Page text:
Indeed, John Kerry’s fucking silly assed statement that he would immediately engage in bilateral talks with the North — exactly what they’ve been demanding and Bush refusing — has guaranteed that there will be no progress at least until after the election (and proably never). Why should Kim deal now, when he may get a better deal in January?

Besides, as I posted at the time, the invasion of Iraq wasn’t really about WMDs. It was about trying upset the diseased order in the Middle East. That may work out and it may not. Time will tell. But the Middle East and Islamic terrorism are a much greater long-term threat to the US than N. Korea, which for all its evil, its bluster and its weapons, will never, ever, ever, attack the US except as a last-stand act of self-defense.

The same is not true of the jihaddis, who’d nuke Manhattan tomorrow if they had the means.

Adam Morris made a variation of Kristoff’s same silly argument — don’t attack Iraq because of North Korea, but don’t attack North Korea either — and you rightly laughed at him. Kristoff’s piece deserves the same derision.

April 22, 2004 @ 2:31 am | Comment

Oh yeah, and Kristof’s so-called “money quote” is horse shit. You don’t think Bush would like to proclaim on nation wide TV, with an election pending:

“My fellow Americans, I am pleased to announce that we have reached that resolves the North Korean nuclear crises and ensures the safety and security of America’s allies in the region. “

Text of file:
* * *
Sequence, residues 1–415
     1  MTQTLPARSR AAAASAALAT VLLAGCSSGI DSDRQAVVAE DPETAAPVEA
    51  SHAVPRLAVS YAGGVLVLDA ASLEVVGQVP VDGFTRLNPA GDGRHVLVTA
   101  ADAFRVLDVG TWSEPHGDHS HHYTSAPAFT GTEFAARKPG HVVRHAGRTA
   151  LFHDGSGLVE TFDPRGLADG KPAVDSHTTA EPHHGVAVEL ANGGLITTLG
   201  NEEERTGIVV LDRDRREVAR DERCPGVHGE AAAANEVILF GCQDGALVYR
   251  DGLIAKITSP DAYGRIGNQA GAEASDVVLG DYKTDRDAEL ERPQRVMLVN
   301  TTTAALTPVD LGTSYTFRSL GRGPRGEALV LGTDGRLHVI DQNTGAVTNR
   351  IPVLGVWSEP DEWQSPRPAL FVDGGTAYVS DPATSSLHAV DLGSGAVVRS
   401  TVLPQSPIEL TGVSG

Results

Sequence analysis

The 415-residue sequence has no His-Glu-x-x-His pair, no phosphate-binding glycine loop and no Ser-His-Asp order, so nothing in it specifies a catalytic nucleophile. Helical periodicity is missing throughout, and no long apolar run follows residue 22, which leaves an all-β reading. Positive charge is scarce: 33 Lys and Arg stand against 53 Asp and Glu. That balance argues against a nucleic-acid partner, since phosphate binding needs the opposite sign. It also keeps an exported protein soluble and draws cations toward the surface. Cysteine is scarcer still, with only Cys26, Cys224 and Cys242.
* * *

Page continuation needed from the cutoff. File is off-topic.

It’s to this administration’s credit that they learned from Clinton’s well intentioned but demonstrably terrible mistake and haven’t grabbed for some cosmetic and unenforcible deal to make this go away.

April 22, 2004 @ 2:38 am | Comment

Well, we may have to agree to disagree on this one, Conrad. When it comes to WMD I see Kim, a known gunrunner and profiteer, as a serious threat, worse than Saddam ever might have been. He has the weapons, after all. Maybe he won’t use them, but I can easily see him profiting from them.

What I find hypocritical is Bush banging the drum over the N. Korea threat during the “axis of evil” days in 2002, and then completely dodging the issue as though it doesn’t exist because at the moment it would be bad for him politically.

I don’t have a magic solution to the crisis, and I think we both agree there simply isn’t one. China may be our only hope, sadly, as Korea exists by China’s good graces (which doesn’t say much about China). So either we continue talks or do nothing. We’re talking nuclear weapons here, the end of the world. As long as China coddles Kim, he’s got us over a barrel.

Bush’s active efforts to make the news of Kim’s nukes a secret or at least aggressively downplay it– that’s what bothers me. A lot. If we don’t negotiate (and I’m not saying we should, necessarily) the only other weapon we have is pressure. Downplaying is not the best way to exert pressure.

As to Adam’s argument — if I remember, it had to do with our involvement in Iraq rendering us impotent in facing off against Kim. We had committed our troops and we had no military muscle to flash at the DPRK. I disagreed with him at the time, because his post implied (or I inferred) that war with N. Korea was actually an option, and that Iraq was preventing us from doing it. (His later comments clarified that was not his main point, but honestly I forget the details.)

April 22, 2004 @ 12:04 pm | Comment

If only real life worked that way!

April 7, 2005 @ 4:02 am | Comment